As the body of scientific literature establishing the therapeutic potential of cannabis compounds grows, public opinion around weed continues to change for the better. The behavior of cannabis consumers is changing in turn; from simply chasing a high to a more educated approach, seeking out specific strains for specific medicinal benefits to counter symptoms of common conditions like arthritis and depression.

Because of the emergence of more educated, discriminating consumers, cannabis strain nomenclature is fading into the background in the checklist of dispensary shoppers. These days, the best way to choose the right strain is to research cannabinoid and terpene profiles — thereby gaining more comprehensive insight as to what to expect in terms of flavor, aroma, effects and benefits.

In this article we explore the reasons why strain names are beginning to matter less and less among cannabis consumers, as well as why cannabinoid content and terpene concentrations should matter much more instead.

Why Strain Names Shouldn’t Matter Anymore

The simple fact of the matter is individuals looking to cannabis as a natural alternative to synthetic drugs (e.g. opioids) would benefit more from a selection of strains listed by cannabinoid and terpene profiles, instead of arbitrary names. This would help much more in the process of choosing strains with benefits geared toward specific conditions like chronic pain, PTSD or even a high-stress lifestyle.

Many strain names are devised as a means to advance a brand or image, as is the case with many hybrids developed in partnership with celebrities. Examples of this include Seth Rogen’s Pancake Ice and Jay-Z’s Monogram. Many non-celebrity strains aren’t much better, with names like Gandalf OG and Diamond Socks. Their quality and breeding aside, this somewhat randomized system of nomenclature does nothing to indicate the potential therapeutic benefits of these strains for consumers.

Why Cannabinoid Content Matters

Cannabinoids are a group of chemicals that bind to cannabinoid receptors in the brain and are responsible for most of the psychoactive effects of cannabis. Cannabinoids work by mimicking naturally occurring (i.e. endogenous) cannabinoids, acting on them as a partial agonist or antagonist.

Photo by Grav on Unsplash

Photo by Grav on Unsplash

The Endocannabinoid System in a Nutshell

Cannabinoids are divided into three groups: endocannabinoids, which are produced within the body, phytocannabinoids, which come from plant life, and synthetic cannabinoids. All three groups function via their interactions with a group of cannabinoid receptors in the body, known commonly as the endocannabinoid system (ECS).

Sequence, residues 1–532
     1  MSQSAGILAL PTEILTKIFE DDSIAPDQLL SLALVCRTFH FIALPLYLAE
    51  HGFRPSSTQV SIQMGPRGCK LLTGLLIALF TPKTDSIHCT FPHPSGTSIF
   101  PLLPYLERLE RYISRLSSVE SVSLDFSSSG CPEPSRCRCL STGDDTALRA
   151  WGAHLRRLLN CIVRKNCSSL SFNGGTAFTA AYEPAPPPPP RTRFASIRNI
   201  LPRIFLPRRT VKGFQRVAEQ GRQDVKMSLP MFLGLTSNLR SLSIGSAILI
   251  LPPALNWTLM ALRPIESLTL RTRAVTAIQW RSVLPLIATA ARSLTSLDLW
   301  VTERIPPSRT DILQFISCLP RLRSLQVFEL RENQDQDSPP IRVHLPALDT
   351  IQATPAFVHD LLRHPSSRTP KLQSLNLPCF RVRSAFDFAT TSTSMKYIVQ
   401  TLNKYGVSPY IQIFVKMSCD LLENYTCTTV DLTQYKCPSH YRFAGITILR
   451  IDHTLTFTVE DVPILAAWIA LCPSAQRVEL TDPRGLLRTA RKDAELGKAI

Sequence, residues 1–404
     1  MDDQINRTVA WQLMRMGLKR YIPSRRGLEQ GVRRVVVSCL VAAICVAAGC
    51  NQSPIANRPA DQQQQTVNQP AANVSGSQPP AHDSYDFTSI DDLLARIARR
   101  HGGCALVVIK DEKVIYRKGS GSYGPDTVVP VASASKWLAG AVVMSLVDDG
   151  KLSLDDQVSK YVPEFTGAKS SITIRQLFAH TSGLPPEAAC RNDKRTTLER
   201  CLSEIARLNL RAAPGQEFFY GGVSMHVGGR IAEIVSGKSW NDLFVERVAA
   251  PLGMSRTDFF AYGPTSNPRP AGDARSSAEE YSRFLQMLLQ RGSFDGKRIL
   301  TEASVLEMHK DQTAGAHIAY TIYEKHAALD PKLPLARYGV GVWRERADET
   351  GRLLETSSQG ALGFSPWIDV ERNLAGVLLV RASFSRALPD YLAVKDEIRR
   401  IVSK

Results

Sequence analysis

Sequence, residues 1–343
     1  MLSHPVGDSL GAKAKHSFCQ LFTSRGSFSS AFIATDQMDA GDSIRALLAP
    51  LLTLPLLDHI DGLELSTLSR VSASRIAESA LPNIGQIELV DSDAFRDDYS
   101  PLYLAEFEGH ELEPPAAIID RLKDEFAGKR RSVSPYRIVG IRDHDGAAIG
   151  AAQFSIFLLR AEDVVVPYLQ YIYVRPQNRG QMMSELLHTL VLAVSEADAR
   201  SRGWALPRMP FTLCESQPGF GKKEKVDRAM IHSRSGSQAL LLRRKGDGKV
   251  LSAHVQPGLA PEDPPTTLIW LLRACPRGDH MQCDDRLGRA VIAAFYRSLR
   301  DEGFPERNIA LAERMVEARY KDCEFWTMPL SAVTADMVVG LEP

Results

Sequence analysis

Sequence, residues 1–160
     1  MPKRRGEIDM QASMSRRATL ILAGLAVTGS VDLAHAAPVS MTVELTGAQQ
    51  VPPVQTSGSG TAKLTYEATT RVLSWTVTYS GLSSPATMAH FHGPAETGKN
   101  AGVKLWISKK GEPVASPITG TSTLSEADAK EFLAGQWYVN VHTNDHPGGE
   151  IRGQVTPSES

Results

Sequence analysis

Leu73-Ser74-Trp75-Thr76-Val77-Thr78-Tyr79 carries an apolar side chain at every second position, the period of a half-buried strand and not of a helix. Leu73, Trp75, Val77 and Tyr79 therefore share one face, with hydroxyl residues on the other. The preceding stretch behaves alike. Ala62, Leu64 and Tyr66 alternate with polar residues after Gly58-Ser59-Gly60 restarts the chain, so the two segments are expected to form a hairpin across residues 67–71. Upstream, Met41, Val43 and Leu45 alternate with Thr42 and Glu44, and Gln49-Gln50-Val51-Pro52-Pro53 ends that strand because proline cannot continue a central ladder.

ECS receptors are primarily located within the nervous system, peripheral organs and immune system, and have a large influence on the body’s release and uptake of key neurotransmitters. These include serotonin, dopamine, and norepinephrine. The ECS also affects the brain’s sensitivity and response to signaling molecules like cytokines, gamma-Aminobutyric acid (GABA) and glutamic acid.

Cannabinoids exert a regulatory effect on the ECS, which can reduce or improve symptoms of pain, mood, anxiety and even inflammatory disorders. In states where medical marijuana is legal, strains are prescribed for both acute and chronic conditions based almost entirely on their cannabinoid profiles.

Why Terpene Concentrations Matter

Terpenes are a class of organic aromatic compounds found in practically all plant life; most abundantly in fruits, herbs and flowers. In nature, plants produce terpenes through different phases of their growth cycle, attracting pollinators and repelling herbivores. Terpenes also give plants their distinctive flavors and aromas — occurring naturally in everything from pine needles to pineapples and even lemon peels.

Human Use of Terpenes

Some terpenes have significant therapeutic potential, which is why they’re used to supplement conventional forms of medication by a growing number of Americans. Essential oils, for instance, are largely made up of mono-, sesqui- and diterpenes. Aromatherapy aside, terpenes are also commonly found in CBD topicals, concentrates and vaping e-liquids.

As their beneficial properties become increasingly established in medical research, terpenes are increasingly incorporated into everyday products like soap, candles and broad-spectrum natural health products.

Over 200 terpenes have been identified in the cannabis plant alone. Aside from giving cannabis strains the aroma and flavor profiles they’re known for among consumers, terpenes have a significant role in the therapeutic benefit of cannabis consumption — whether in medical or recreational use. This is because of their complementary relation with cannabinoids, in a series of synergistic interactions known as the Entourage Effect.

The term “Entourage Effect” describes the mechanism by which different cannabinoids such as CBD, THC, or CBG — as well as cannabis terpenes — work together to effectively amplify each other’s effects within the ECS. Take the popular neuroleptic strain known as Hindu Kush, as an example. The reason it’s commonly prescribed for individuals with insomnia and other forms of sleep anxiety or dysfunction is because of its simultaneous high levels of THC and the relaxant terpene myrcene, along with moderate levels of the sedative terpene linalool.

Ongoing research into potential cannabis entourage effects show that combinations of cannabinoids and terpenes produce consistently better therapeutic benefits when compared to any one cannabis compound by itself. This is why it’s more important to pick your cannabis strains by their cannabinoid and terpene profiles, rather than their names, branding or the hype surrounding them.


Monty Montag writes about Health and Fitness. He is an avid climber and loves to cook.